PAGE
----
What is Theoretical Physics?

The first thought that comes to everyone's mind when they hear the term 'theoretical physics' is? Of course, Albert Einstein! Those long mathematical equations, the meaning of which is complex to understand, to derive them using mathematics is challenging. But that is the beauty of it. To invent and imagine something that our day-to-day conscious will never think of is brilliant!

The Physics Is Theoretical, But The Fun Is Real!

The world of theoretical physics is not result-driven, no one can know beforehand what the final equations will express, what layer of truth it will expose, and the reality that comes forward is extremely unanticipated. Most of the time it contradicts common sense. The theory is given more attention, than designing the experiments necessary to prove the assumptions and ultimately the theory. It is purely mathematical until proven by real experiments.

Theoretical Physics:

"The development of mathematical formalisms and computing methods for describing all characteristics of things present in our surroundings and their interactions. This can include both developing models for comprehending empirical data and building self-logical theories to explain events that go beyond the scope of existing research."

There are two things that theoretical physicists do. One, they have a dataset and they have to devise a theory that best explains that data. Two, there's new data collected for an already existing theory and the old theory need some updates. The validity of the theory is judged on how much it agrees with empirical data. A physical theory is a set of connections between different observable quantities. Pythagoras knew the relationship between the length of a vibrating string and the musical tone it generates, whereas Archimedes discovered that a ship floats by displacing its mass of water.

To comprehend theoretical physics, one must first comprehend the idea of theory. Theories are simplified representations of complicated systems. The universe is an intricate structure. To examine the cosmos in the way that physics does, it must be broken down into fundamental principles and basic concepts that result in a simulation or model.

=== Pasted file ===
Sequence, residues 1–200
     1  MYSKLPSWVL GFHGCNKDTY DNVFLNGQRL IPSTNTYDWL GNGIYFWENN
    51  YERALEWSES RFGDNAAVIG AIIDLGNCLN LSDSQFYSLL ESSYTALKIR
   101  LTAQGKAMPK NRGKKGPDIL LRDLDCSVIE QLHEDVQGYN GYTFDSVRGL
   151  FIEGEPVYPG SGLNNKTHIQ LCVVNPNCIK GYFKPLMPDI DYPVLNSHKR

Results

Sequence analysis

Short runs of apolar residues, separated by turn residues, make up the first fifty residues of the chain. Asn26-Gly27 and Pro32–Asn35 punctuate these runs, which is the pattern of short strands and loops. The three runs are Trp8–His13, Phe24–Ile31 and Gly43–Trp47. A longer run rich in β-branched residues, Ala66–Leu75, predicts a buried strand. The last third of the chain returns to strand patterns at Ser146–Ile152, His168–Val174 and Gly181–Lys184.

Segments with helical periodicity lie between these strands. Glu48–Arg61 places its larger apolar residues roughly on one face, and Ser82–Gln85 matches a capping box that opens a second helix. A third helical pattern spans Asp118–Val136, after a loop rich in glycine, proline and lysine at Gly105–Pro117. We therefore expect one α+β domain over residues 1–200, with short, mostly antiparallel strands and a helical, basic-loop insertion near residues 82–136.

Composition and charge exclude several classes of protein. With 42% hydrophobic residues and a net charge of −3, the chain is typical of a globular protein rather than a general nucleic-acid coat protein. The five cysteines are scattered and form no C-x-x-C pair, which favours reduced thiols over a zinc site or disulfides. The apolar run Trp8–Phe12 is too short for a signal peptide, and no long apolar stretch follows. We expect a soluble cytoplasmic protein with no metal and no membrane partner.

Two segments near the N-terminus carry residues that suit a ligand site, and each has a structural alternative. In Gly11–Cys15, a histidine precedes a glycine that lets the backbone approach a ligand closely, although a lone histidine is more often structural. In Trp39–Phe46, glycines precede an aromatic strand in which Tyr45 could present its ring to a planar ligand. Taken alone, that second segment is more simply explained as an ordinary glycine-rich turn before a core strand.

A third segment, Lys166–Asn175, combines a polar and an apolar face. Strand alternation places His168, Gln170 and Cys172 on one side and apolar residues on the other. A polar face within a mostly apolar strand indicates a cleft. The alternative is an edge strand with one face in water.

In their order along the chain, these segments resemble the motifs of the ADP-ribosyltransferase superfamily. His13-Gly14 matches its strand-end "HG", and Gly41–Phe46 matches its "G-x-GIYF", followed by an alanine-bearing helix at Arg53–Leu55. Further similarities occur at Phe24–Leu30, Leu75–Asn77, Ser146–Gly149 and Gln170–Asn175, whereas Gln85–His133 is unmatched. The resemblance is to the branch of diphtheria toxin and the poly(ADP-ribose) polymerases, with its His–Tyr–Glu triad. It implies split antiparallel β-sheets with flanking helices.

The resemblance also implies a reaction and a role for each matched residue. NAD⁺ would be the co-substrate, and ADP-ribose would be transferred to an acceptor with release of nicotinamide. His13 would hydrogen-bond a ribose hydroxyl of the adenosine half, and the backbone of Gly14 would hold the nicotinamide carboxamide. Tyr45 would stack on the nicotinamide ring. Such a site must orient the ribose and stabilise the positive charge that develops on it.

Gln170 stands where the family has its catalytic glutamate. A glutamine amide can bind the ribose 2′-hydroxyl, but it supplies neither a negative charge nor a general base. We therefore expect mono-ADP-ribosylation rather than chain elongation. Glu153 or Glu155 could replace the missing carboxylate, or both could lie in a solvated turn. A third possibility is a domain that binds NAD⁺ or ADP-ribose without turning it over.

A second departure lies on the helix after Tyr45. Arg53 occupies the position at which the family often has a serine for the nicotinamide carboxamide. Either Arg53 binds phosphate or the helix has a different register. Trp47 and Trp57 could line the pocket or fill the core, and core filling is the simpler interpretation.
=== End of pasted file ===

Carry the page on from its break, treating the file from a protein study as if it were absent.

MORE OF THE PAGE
A theory must be helpful in that it approximates reality while also making it intelligible, quantifiable, and predictable. To develop a theory, start with assumptions or postulates. An assumption is anything that is accepted without evidence. As a result, the assumptions constitute any theory's weak spot, and hence the fewer the assumptions, the more helpful the theory. The assumptions should then result in a theory that explains reality, and actual observations should be described and even predicted by the theory. As a result, the theory's predictions may be put to the test.

A hypothesis, on the other hand, can be disproven if two contradicting conclusions can be formed from it. The scientific approach employed in modern times to verify the feasibility of a theory is to extract a required inference from the theory and then rigorously test it against actual facts. This is known as experimenting. When assumptions become generally accepted as a norm, they are referred to be axioms and, in certain cases, universal laws.

The famous examples of a completely theoretical 'thought' experiment are Schrodinger's cat (quantum physics) and time dilation (relativity). Some of such sub-fields of physics have theories that cannot be proven with real-time experiments yet. Although theoretical physics is a sub-branch of physics, every branch of physics has theoretical and experimental parts. In some branches of physics, a single scientist or a group takes care of data collection, analysis, and construction of a new theory. But fields like cosmology and particle physics, each individual has to decide on whether they want o pursue the theoretical or experimental aspect of it. Those who want to pursue this as a career should be extremely well-versed in mathematics, programming, simulations, statistics, and also data analysis.

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